It is a good practice to begin each year by listening to the voices of students, and then carrying the habit on through the year.
A wonderful, if difficult, place to start is a new piece of reporting on online “slut-shaming” and sexual cyberbullying by Radio Rookie Temitayo Fagbenle. Radio Rookies is a program based out of public radio station WNYC in New York City that offers an apprenticeship program for youth to learn the art and trade of radio journalism. Fagbenle is a great apprentice, with an intriguing voice and an incredible capacity to coax intimate stories from her peers.
Fagbenle’s piece “Sexual Cyberbullying: The Modern Day Letter A” explores how young people experience and deal with the practice of photographing or videoing young women in compromised sexual situations (sometimes without their knowledge) and then distributing those images online. As the title suggests, Fabgenle situates her piece in a long history of public humiliation of young women’s sexual behavior, before delving into this troubling aspect of today’s online youth culture.
National research (lit review / recent study) suggests that only a minority of youth are the victims of online peer aggression, sexual or otherwise. But as told from Fabgenle’s perspective, that research underestimates the impact that such acts have on a community of networked youth. From her perspective, enough of these acts happen with enough visibility to make it feel like her Facebook feed is filled with slut-shaming. Some bullying researchers and educators, for very good reason, have argued that it is problematic to overestimate or overdramatize the frequency of these behaviors, which are statistically rare. Fabgenle’s reporting suggests that even if the perpetration of these acts is rare, their virality accelerates their prevalence and impact.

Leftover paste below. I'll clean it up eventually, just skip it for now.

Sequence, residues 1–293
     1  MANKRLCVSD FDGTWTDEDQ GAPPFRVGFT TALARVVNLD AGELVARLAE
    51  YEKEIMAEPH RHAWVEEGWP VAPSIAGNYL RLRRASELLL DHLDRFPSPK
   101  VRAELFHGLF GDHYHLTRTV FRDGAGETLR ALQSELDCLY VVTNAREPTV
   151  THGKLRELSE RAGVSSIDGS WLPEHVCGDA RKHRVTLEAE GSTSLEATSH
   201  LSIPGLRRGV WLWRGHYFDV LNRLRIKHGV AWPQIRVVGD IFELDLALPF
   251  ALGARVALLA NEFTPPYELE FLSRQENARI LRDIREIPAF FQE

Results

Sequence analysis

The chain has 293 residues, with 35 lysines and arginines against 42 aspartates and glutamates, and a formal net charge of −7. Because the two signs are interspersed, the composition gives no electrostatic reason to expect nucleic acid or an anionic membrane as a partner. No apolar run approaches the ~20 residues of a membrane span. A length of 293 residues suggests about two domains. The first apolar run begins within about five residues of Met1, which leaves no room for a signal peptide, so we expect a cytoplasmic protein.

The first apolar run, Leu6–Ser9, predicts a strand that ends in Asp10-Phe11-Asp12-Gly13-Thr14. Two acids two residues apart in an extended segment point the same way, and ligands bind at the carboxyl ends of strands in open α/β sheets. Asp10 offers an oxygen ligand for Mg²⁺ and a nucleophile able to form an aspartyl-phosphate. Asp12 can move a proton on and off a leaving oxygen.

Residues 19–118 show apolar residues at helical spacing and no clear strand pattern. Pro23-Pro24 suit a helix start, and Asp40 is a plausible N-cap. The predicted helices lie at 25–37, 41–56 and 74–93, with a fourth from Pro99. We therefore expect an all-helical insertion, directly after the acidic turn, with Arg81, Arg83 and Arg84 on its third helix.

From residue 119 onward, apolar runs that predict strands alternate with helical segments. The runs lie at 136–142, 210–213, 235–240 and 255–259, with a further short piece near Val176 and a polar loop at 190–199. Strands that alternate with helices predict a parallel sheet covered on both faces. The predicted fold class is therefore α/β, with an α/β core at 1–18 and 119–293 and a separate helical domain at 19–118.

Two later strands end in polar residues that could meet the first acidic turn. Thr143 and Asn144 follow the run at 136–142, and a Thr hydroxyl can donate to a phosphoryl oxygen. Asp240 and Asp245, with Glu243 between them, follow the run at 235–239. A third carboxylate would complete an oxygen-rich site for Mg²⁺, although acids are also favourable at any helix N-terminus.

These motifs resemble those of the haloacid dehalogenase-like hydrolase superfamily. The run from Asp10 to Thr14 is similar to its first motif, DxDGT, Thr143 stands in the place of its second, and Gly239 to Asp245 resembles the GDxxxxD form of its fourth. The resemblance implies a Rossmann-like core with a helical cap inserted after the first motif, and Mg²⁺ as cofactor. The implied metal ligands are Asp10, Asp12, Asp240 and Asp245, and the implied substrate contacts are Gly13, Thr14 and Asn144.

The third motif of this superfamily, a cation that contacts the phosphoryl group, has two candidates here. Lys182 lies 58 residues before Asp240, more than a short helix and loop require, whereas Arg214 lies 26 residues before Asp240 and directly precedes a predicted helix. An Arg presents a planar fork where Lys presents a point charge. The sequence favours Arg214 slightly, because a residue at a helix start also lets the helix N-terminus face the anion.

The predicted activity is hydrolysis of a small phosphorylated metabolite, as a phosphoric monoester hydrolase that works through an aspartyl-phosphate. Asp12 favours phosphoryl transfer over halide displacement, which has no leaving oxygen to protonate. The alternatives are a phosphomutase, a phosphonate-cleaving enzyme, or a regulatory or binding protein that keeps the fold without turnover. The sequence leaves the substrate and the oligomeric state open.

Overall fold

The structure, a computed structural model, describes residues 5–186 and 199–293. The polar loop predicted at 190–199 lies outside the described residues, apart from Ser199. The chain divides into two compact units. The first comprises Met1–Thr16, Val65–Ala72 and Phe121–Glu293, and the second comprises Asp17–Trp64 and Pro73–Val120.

Fagbenle’s network of friends includes both victims and perpetrators, and her interviews with both are haunting. One young woman tells the story of having a video of her sexual activity distributed widely on social networks, YouTube, and amateur pornographic video hosting sites. Another young man, tells his own experience as someone who had illicitly taken and distributed an image of a sexual partner. It is a credit to Fagbenle’s skills as an interviewer that she manages to interview the boy without passing judgment, despite his deeply disturbing lack of remorse.
The piece doesn’t offer solutions, just a powerfully crafted youth perspective, one well worth listening to as schools wrestle with these difficult problems, as old as mysogyny and as new as Facebook.
Fagbenle and the Radio Rookies are also hosting a live chat for teens on January 8th from 1-2pm EST to discuss these issues. (Fagbenle will M.C., and the Radio Rookies staff will moderate all comments.) If you are teaching during that time, I’d encourage you to email Radio Rookies Associate Producer, Courtney Stein (firstname.lastname@example.org)to have your students get involved.
Many thanks to Temitayo for sharing her story and to the Radio Rookies team for helping bring the project to the air. As the year begins, their work is a wonderful reminder about how much we have to learn from our students.
The opinions expressed in EdTech Researcher are strictly those of the author(s) and do not reflect the opinions or endorsement of Editorial Projects in Education, or any of its publications.